Last week I attended the performance of a new play, written by a young playwright, at the university. I won the tickets while listening to my local NPR station, and took my oldest daughter who is involved in theater. It was an enjoyable evening. The company was good and the play was engaging; a mix of a vision quest and amusing family interactions, and the production was fresh and interesting. It was performed in the round in a quite cozy theater with few props or costume changes and no intermission. The story was both otherworldly with the mythic journey elements and down to earth with the comic relief provided by the young man’s family and best friend but it ended on a sobering note.
For me the sobering note arrived before the end of the play – I was watching the actresses and actors in a dance scene, marveling at the clear enjoyment, dedication and passionate engagement they portrayed when I was suddenly struck, pierced by an insight. I realized that I no longer have any expectations that I will ever again feel so involved, so engaged, so passionate about any endeavor in my life. I was truly blindsided by this painful realization. I quite lost track of the action onstage for several minutes as I turned this over in my mind. It made me see that these hard years have worn me down from the inside out. My focus is on getting by – I often find myself thinking, “I just need to live another 10 – 12 years, till the kids are in college and on their way; I just need to hang on another 10 – 12 years. I have no dreams or aspirations for myself; I just want to see them successfully launched and then, well, that’s sort of where my story ends.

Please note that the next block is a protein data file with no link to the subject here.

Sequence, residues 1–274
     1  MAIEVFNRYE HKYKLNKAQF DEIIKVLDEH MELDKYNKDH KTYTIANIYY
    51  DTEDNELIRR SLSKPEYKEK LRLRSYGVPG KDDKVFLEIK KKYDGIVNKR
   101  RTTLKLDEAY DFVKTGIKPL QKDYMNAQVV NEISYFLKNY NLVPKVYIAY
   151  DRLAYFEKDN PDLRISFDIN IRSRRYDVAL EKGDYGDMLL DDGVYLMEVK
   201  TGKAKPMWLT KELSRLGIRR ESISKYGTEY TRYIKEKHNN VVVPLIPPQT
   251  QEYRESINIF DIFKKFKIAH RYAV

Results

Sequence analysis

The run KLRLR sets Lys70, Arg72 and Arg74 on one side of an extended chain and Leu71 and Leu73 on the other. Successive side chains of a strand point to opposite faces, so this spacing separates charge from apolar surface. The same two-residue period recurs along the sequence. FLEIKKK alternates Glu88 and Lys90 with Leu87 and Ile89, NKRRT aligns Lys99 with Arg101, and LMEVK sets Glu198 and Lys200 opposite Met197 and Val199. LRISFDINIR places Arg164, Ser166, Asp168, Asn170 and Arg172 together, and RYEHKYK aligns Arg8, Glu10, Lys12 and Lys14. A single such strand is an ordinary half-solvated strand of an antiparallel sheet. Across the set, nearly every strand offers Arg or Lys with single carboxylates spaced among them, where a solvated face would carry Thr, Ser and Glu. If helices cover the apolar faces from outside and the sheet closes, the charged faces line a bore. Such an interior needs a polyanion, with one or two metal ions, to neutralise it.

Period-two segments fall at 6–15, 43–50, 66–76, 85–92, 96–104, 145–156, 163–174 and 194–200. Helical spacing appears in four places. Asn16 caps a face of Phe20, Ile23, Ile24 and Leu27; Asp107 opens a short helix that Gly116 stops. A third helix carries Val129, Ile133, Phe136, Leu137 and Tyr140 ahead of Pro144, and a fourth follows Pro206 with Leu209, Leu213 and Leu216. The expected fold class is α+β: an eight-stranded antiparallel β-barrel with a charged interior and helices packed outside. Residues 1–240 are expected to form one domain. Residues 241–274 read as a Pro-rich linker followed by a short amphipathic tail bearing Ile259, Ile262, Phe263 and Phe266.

It’s funny – a lot of people have commented on how positive I’ve remained through this tough journey and I’ve responded with something along the lines of “What else am I going to do? You can’t give up; you have to keep moving forward!” I do believe that but I’m beginning to see that I’ve fooled myself – the forward movement is all for the kids; somewhere along the line I gave up on me. Interesting, and as I said, a sobering realization. Now I just have to figure out what I want to do with it. Can one rebuild an eroded self?